Psychology Yesterday

Stories from the behavioral past

America's “Sexidemic”

Our love affair with sex has been a rocky one.

For a people who supposedly love sex, Americans have had no shortage of problems with it. Since the end of World War II, in fact, we’ve had a contentious relationship with sexuality, the subject a source of considerable tension and controversy on both an individual and societal level. Rather than being a simple pleasure of life, something to be enjoyed, sex has served as a challenging and disruptive force in many Americans’ everyday lives for the last three-quarters of a century. Our love affair with sex has thus been a rocky one, filled with bumps in the road that have caused major instability across our cultural landscape. A very wide range of social, economic, and political factors- the domestic conformity of the postwar years, the excesses of the counterculture, the overexposure and fragmentation of sexuality, the self-help movement, the AIDS crisis, the rise of celebrity culture, an obsession with money and materialism, the emergence of “political correctness” and an increasingly litigious society, the mid-lifing of the baby boomers, an explosion of entertainment options and alternative sensory pleasures, and the flourishing of Internet-related sex, to name just some- were instrumental in creating what can be considered a crisis in sexuality of epidemic proportions. Our individualistic, competitive, consumerist, and anxious national character is both reflected in and reinforced by this “sexidemic,” something few have recognized or perhaps want to admit.

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By charting the cultural trajectory of sex since the end of World War II, we learn how the country’s continual woes with sexuality helped make us an anxious, insecure people. The sex lives of many, perhaps most Americans have been in a perpetual state of crisis, a constant source of concern. We’ve fretted over every dimension of it, with problems in both quality and quantity. We were either having too little of it or too much of it, never just right. Others were doing it more frequently or better. Our body parts were seen as somehow deficient, and our technique was wrong. With this unhealthy view of sexuality, it was not surprising that we felt we needed a variety of potions and gadgets to make it happen or be pleasurable. It was also not surprising that our bipolar approach to sexuality oozed out in a steady stream of “dysfunctional” behavior. Low libido and sex addiction emerged as common disorders, and sex scandal after sex scandal has made headlines, especially over the last couple of years. (American history is, of course, marked by sex scandals involving prominent men, e.g., Henry Ward Beecher, Fatty Arbuckle, and Charlie Chaplin.) Only money has surpassed sex as a source of stress for Americans, I believe, something that few of us likely realize.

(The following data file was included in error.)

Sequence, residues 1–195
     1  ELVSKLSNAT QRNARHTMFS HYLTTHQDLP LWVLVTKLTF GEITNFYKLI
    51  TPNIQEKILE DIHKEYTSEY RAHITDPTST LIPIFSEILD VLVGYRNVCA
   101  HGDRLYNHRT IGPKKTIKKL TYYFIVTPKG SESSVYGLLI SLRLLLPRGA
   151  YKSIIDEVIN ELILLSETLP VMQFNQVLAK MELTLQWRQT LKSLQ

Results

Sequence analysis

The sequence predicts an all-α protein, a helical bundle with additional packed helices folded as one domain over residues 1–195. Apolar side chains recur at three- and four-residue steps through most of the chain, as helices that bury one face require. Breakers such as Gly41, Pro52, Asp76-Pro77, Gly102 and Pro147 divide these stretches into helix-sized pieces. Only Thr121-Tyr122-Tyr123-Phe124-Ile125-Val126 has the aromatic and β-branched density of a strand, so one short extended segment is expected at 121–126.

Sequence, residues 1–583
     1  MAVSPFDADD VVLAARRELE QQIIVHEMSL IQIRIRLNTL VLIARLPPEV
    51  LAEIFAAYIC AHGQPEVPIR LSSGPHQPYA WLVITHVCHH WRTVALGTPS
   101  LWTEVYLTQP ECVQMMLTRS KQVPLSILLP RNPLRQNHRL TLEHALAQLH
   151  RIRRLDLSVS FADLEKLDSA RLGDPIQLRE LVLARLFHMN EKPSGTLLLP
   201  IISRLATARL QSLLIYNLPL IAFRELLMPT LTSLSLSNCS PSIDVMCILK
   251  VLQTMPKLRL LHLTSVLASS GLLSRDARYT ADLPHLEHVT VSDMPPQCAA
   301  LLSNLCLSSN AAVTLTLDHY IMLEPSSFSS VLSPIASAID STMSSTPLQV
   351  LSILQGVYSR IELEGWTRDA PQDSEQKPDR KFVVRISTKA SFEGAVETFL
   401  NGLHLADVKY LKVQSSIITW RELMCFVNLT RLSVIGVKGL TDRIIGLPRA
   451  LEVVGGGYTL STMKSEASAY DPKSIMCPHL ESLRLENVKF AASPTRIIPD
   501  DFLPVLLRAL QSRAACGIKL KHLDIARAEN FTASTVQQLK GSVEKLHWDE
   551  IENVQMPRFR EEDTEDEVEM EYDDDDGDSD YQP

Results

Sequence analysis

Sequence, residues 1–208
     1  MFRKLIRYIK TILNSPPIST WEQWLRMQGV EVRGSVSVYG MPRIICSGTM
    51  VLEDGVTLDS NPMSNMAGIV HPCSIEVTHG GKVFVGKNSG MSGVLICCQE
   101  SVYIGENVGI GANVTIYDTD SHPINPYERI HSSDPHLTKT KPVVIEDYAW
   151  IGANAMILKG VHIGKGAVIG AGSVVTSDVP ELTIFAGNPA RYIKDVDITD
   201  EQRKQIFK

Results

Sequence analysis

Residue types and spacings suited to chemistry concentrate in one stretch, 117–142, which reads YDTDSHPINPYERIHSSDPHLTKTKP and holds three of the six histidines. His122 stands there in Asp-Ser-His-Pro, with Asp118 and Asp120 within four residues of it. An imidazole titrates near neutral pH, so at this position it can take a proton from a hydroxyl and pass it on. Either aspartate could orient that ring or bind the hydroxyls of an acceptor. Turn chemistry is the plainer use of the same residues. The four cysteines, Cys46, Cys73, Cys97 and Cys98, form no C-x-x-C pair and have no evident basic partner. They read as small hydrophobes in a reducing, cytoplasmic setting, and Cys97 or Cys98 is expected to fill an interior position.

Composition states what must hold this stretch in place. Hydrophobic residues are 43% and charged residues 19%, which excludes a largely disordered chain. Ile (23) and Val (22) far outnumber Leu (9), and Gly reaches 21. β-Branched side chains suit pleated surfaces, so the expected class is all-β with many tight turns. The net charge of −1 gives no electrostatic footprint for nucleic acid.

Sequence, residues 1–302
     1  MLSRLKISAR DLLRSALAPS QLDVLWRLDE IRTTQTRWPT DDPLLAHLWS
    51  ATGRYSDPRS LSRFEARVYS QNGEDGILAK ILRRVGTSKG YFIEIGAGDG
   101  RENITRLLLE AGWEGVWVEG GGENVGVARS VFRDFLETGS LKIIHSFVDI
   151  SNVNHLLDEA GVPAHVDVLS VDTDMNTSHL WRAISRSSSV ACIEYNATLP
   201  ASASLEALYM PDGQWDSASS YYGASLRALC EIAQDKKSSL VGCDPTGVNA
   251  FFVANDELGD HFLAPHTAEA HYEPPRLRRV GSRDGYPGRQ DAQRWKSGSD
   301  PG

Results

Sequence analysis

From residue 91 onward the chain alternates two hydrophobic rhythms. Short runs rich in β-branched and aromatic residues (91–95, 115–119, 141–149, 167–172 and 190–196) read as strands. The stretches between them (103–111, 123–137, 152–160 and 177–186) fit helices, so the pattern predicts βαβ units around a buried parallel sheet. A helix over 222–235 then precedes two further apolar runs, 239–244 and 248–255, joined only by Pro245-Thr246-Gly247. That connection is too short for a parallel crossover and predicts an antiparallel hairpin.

America’s “sexidemic” is hardly a new phenomenon or radical idea. (There have been concerns about our “over-sexed” society since the early twentieth century; in 1913, for example, a popular magazine declared it was “Sex O’ Clock” in America.) More than half a century ago, the notable American psychologist Albert Ellis wrote a book about what he viewed as an “anti-sexual culture” in the United States, claming that most Americans were living in a state of “sex-love-marriage poverty.” It was our upbringing that was at fault for leaving Americans “emotionally maimed” when it came to sex, he maintained, with psychotherapy the only possible cure for our sexual repressions and “antagonisms.” Importantly, the “American sexual tragedy,” as he titled his book, was culturally rather than personally constructed. “The sabotaging of human sex-love relations is a problem which is socially rather than individually created, and which therefore cannot be solved on a broad scale without widespread societal changes in sex attitudes,” Ellis wrote, meaning sexual impairment was endemic to Americans. Ellis was not optimistic about America’s sexual future. “The American sexual tragedy can be expected to continue its three century long run, and in some respects even to become more tragic, until a pronounced social effort (along with sporadic individual rebellions) is made to end it,” he concluded, a prophecy that I believe has so far been realized.

Lawrence R. Samuel, Ph.D., is an American cultural historian who holds a Ph.D. in American Studies and was a Smithsonian Institution Fellow.

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